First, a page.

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Fall 1991 · Vol. 20 No. 2 · pp. 6–14 

Planting Churches in North America Today

Responses by James N. Pankratz 20/2 (1991): 15–18; and Jim Holm 20/2 (1991): 19–20.

Paul G. Hiebert

In a provocative article Leslie Newbigin asks, “Can the West Be Converted?” The question seems to fly in the face of facts. North Americans—sixty-four percent of them—call themselves “religious,” and thirty-four percent claim to be “born again” (Hirsley 1991:8). Evangelical churches appear to be growing.

Post modernity will unseat modernity.

Behind these data are other data that raise doubts. As professions of Christian faith increase, morality in the U.S., even in churches, continues to fall. The lifestyles of Christians are little different from their consumer-oriented neighbors. Only thirty-seven percent want to share their beliefs with those of other religions—down from forty-two percent in 1989 (Hirsley 1991:8). In its search for growth, has the church in the west sold its soul and become a social club?

What does it mean to be the church in the North American setting? To answer this question, we need to understand both the world in which we live, and the nature of the church as the body of Christ. We will explore the first of these issues here.


In examining our North American {7} context, it is important that we do not see it as a uniform whole. We live in an increasingly diverse society. Immigrants, refugees, students and businesspeople from around the world are settling in our neighborhoods, both enriching our lives and raising deep questions for the church.

We also live in an age of transition. Modernity, with its industrialization, technological wizardry, massive institutions, and mechanistic view of reality is under attack. Some speak of the emergence of a Post Modern Era that challenges the old foundations of our societies. It is not clear whether Post Modernity will indeed unseat Modernity and usher us into a New Age of relationships, spirituality, beauty and self-realization, or whether it is a passing reaction to the powerful pull of modernity. It is very much a part of the current scene, and I will use the distinction to analyze North America.

The World of Modernity

The age of modernity began about the sixteenth century, but it has come to maturity only in the twentieth century. On the surface it is seen in the growth of the sciences, in contemporary technological advances such as airplanes and computers, and systems of organization management based on control and objectives. At a deeper level it is a worldview that has deeply affected us as Christians, and our churches.

This Worldly Orientation

As Max Weber (1930) has pointed out modernity began with a shift from a focus on other-worldly, eternal realities to this-worldly, present realities. As our attention is drawn to life here on earth, we have lost sight of heaven. Today we are mesmerized by the news, and have lost a sense of history.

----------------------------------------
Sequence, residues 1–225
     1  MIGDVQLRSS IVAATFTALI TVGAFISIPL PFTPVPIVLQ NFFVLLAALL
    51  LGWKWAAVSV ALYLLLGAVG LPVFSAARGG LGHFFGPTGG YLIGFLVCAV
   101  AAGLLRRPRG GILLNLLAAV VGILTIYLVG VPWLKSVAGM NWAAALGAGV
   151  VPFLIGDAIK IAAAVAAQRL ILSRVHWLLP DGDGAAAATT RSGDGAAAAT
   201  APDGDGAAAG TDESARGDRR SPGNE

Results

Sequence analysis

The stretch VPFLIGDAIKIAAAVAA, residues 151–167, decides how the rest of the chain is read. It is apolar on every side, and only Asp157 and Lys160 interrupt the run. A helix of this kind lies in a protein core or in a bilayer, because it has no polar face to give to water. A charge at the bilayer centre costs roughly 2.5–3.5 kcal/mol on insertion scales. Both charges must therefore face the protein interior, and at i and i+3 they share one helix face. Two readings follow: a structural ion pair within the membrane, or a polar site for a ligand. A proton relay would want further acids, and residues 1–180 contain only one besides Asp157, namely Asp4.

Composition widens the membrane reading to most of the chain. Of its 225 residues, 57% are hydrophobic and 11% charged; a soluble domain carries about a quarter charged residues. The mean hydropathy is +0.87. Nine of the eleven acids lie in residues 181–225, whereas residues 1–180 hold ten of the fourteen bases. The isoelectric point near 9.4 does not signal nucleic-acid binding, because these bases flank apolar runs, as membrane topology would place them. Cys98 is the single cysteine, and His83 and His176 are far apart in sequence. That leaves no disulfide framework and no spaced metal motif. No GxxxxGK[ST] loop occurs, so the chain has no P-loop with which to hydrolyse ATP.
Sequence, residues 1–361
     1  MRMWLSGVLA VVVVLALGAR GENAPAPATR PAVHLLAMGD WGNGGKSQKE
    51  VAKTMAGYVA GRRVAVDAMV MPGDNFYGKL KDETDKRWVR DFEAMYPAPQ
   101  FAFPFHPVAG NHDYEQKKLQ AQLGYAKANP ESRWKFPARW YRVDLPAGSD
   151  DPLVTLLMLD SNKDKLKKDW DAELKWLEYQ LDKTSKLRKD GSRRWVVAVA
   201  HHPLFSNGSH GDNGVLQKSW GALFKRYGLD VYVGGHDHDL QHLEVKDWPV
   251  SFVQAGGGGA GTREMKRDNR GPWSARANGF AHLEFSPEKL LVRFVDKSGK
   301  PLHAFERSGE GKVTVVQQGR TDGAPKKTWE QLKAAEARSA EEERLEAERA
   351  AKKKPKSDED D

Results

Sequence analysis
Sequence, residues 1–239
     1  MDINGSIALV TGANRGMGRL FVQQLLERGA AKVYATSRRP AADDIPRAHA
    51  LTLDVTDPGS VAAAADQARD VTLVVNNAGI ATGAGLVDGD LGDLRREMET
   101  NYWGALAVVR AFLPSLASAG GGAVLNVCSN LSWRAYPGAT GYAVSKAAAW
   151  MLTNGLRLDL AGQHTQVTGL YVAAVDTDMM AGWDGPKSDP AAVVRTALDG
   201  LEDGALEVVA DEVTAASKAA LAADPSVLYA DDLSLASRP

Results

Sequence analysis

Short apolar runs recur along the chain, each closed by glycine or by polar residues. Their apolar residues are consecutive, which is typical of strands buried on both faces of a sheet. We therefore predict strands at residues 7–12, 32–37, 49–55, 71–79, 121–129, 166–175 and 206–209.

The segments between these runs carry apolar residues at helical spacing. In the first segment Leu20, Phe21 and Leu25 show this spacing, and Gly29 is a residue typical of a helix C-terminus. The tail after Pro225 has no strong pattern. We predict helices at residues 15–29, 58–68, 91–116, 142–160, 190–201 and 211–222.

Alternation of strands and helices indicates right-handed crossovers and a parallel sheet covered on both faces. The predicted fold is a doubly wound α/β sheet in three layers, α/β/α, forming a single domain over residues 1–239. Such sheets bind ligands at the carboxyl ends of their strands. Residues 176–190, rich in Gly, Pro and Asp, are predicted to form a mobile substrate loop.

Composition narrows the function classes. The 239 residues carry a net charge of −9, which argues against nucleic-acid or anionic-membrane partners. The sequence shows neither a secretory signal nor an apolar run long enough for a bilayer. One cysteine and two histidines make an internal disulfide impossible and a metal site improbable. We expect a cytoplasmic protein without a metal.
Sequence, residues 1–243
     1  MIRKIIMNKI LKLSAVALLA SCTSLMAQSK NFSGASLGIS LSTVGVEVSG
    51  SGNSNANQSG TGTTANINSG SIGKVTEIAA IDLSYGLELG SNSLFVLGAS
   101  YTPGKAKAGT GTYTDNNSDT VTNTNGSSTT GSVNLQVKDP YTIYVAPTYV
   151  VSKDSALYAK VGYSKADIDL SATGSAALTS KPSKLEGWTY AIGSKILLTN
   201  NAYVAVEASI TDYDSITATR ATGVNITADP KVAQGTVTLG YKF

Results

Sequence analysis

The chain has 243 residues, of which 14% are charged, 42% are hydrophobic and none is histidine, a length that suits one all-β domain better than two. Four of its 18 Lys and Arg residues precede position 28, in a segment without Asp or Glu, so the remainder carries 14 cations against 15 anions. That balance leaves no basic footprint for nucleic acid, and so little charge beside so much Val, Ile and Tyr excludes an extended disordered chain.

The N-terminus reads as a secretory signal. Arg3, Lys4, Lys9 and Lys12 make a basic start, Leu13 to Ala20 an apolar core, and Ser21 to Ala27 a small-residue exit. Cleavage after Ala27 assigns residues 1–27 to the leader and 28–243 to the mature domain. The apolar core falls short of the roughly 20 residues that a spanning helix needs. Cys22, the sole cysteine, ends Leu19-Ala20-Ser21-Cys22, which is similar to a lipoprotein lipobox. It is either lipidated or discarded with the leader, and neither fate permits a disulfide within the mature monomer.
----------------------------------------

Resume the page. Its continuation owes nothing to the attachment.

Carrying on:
This emphasis on the present world has deeply influenced the world in which we live. Early it gave birth to the sciences, technology, and business with their emphasis on improving life on this earth. Later this led to a growing secularization of western society, and to pragmatism and consumerism as a way of life (Fox and Lears 1983; Kavanaugh 1986). Underlying all of these is a mechanistic approach to life which assumes that with proper planning, and human engineering and effort, we can achieve our goals.

As Christians we oppose secularism, but it is creeping into our churches by the back doors. It is seen in our loss of sacred {8} symbols, and with them a sense of sacredness itself. It is seen in our move towards worship as entertainment. It is seen in the fact that many of us have sold out to consumerism with little resistance. The good life here for ourselves and for our children is one of our highest values. Sacrifice for the sake of eternity is losing its meaning.

Pragmatism, too, has become a part of our churches. We are often more interested in techniques than in consequences, in success than in outcome, in doing than in being (Ellul 1964).

The Public-Private Split

As Leslie Newbigin notes (1986), a second characteristic of modernity is the division of life and reality into public and private spheres (table 1). Each of us experiences this split in our everyday lives. At work reasoning and planning dominate our lives. We manage our feelings and become “teachers,” “secretaries,” “workers,” and “preachers.” At home we “let down our hair,” express our real feelings and are persons. At work we are part of corporations and other bureaucratic systems based on accomplishing tasks. In our private lives we organize clubs or join crowds that serve common personal interests.

Public and Private Spheres in Modern Life



Office Home
Work Entertainment, recreation
Rationalized, planned Emotional, spontaneous
Managed self Real self
Objective truth Subjective truth
Science Religion
News Views
Uniformity and Grand Unifying Theories (GUTS) Pluralism and Tolerance
Mechanical worldview Organic worldview

Most North Americans put religion in the private sphere. It goes along with sports, entertainment, music, arts and other personal preferences. Everyone must study science in school, {9} including those studying in Christian schools. Religion, on the other hand, is optional. It is private truth—what you choose to believe in.

The church has struggled with its identity in this split world. Main line denominations tend to see themselves in the public sphere. They speak out on world events and try to influence governments. Evangelicals and Charismatics, for the most part, have been content to be in the private sphere, defining spirituality in terms of personal behavior, and emotions.